Bitcoin miners go nuclear, as the search for clean energy persists

Bitcoin miners are now turning their attention to nuclear energy as many of them continue to look for ways to reduce carbon emissions .
Bitcoin miners are now turning their attention to nuclear energy as many of them continue to look for ways to reduce carbon emissions .

Bitcoin miners are now turning their attention to nuclear energy as many of them continue to look for ways to reduce carbon emissions to the barest minimum. 

Serious criticisms have greeted the adverse effect the industry has on the environment. As a fact, there is a lot of growing concerns about the heavy carbon footprints being left behind by mining. Therefore, Bitcoin miners are finally starting to explore a new source of energy: Nuclear energy.

Recall that in July, a Bitcoin mining firm, Compass Mining, went into a partnership with Oklo, a startup nuclear energy firm. Oklo is reportedly building what we know as “microreactors” at the moment. This is so that the firm can avoid the long processes associated with building a full-scale one. 

There has also been other reports of such partnerships further showing this trend of Bitcoin miners going nuclear. For instance, American energy company, Talen Energy, recently partnered with TeraWulf Inc., a Bitcoin miner also based in the United States. According to reports, Talen is presently building a mining facility that is four times the size of a standard American football field. The facility is located in Pennsylvania and according to Talen’s president, Alex Hernandez, will be producing car on-free coins.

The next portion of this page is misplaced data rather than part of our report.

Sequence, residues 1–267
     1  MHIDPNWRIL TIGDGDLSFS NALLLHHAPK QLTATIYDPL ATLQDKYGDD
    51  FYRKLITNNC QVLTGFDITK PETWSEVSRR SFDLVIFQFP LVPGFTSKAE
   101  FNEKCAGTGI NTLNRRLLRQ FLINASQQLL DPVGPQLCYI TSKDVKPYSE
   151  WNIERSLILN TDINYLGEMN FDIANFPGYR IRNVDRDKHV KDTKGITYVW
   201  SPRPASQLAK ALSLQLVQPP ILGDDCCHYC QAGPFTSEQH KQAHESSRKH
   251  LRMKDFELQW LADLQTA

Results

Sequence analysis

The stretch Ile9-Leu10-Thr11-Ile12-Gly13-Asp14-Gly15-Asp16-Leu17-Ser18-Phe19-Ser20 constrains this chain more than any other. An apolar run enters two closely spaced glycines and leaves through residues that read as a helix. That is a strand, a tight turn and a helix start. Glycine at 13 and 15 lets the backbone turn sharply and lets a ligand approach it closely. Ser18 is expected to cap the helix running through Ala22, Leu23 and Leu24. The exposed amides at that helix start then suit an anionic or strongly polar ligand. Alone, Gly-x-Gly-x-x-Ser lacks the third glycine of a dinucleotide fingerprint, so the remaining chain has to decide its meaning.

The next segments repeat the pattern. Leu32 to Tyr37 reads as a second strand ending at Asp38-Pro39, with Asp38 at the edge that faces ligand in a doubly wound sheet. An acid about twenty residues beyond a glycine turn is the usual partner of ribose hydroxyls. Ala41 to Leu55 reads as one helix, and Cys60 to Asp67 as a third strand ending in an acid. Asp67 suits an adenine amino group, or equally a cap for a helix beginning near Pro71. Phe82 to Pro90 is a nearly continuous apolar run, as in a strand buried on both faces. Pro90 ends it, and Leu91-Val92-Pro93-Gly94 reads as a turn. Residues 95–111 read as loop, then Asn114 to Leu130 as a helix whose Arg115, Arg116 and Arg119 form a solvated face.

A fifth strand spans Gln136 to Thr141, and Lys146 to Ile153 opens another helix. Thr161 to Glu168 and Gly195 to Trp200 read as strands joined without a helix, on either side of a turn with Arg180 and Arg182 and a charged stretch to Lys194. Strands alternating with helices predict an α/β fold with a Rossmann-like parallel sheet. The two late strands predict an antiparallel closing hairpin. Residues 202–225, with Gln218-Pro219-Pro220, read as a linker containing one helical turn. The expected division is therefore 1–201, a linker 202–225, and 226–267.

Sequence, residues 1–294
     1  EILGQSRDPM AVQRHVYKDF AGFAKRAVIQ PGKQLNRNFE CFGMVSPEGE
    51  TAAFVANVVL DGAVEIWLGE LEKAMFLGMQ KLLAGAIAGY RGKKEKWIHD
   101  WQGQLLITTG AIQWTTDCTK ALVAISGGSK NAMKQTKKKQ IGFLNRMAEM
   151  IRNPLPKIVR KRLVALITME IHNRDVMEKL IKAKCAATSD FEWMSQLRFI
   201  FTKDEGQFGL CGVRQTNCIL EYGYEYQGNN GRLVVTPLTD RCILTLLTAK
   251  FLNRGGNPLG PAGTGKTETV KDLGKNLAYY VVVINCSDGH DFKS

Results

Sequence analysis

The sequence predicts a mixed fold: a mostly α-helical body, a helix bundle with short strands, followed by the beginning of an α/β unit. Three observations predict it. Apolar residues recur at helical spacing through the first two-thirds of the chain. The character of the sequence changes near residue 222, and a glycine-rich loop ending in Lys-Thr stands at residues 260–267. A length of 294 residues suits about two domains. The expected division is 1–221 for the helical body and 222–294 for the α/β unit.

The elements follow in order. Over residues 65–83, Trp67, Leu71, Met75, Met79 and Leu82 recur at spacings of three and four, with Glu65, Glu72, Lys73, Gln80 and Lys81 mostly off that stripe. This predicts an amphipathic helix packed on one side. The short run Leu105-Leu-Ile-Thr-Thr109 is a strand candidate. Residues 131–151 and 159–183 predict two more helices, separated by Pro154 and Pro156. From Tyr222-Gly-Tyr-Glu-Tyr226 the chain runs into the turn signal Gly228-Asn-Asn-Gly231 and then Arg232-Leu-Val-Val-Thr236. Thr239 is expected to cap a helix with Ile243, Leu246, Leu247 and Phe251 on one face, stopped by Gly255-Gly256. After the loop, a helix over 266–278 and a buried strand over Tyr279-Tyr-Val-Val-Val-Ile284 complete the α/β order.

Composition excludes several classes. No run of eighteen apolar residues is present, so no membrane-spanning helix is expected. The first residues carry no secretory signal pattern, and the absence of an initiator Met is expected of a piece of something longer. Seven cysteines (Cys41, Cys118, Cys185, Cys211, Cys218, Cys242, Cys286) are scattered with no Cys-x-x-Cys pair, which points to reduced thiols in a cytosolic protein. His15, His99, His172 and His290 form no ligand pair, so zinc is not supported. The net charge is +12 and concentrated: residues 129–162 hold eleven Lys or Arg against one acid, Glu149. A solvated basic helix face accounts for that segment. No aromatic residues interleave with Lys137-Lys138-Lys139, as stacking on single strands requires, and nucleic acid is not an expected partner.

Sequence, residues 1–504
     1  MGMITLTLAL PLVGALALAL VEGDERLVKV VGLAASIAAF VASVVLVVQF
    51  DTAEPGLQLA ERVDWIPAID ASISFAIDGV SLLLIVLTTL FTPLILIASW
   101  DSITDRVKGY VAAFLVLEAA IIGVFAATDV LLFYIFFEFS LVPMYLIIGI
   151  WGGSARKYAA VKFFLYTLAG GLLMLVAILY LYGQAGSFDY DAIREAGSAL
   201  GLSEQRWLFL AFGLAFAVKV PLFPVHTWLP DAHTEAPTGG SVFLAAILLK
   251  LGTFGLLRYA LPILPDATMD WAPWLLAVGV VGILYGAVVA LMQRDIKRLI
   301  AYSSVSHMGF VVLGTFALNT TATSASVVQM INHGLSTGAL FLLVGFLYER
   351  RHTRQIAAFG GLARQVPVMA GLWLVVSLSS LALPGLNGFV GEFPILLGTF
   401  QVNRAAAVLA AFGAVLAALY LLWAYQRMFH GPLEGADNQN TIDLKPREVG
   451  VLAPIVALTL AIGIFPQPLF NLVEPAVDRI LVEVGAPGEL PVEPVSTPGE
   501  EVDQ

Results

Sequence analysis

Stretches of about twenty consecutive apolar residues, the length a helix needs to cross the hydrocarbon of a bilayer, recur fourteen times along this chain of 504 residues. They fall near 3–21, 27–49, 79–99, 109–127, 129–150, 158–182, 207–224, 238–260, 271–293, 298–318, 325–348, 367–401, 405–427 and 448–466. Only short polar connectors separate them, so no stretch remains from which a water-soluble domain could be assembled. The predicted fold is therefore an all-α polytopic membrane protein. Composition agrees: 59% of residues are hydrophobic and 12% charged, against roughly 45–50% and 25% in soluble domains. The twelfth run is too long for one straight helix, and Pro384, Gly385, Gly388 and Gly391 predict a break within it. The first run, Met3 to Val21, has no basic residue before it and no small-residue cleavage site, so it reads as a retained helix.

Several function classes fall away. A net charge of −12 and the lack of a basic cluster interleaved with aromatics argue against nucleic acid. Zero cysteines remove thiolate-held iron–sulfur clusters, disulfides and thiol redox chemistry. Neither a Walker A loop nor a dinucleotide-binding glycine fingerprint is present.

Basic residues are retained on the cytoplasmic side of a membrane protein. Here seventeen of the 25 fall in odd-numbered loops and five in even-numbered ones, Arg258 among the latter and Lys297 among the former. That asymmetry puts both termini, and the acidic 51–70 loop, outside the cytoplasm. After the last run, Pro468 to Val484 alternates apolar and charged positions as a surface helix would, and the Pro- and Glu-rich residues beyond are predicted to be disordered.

The most interesting part of these  partnerships is that, while Bitcoin has a reputation for polluting the environment, the nuclear industry is capable of generating clean energy.  

Why exactly do Bitcoin miners need clean energy?

The reason why the leading cryptocurrency is in an urgent need of clean energy cannot be overemphasized. There are many documentations and reports about its impact on the environment due to its mining, which usually carries hefty carbon emissions. 

For example, a Cambridge University study in September 2020, claimed that the Bitcoin network was consuming up to 141 terawatt-hours (TWh) per year. Arguably, one of the top 30 countries in the world by virtue of the amount of energy they consume.  

Also, Bitcoin’s e-waste rate has worsened in recent times.  A recent study by an Alex de Vries, founder of the Digiconomist website, confirmed this. In his study reports, he claimed that Bitcoin produces as much e-waste as the Netherlands does on a yearly basis.

With this track record, and an ever increasing criticism, it’s not surprising that Bitcoin miners are starting to look to nuclear energy for a solution.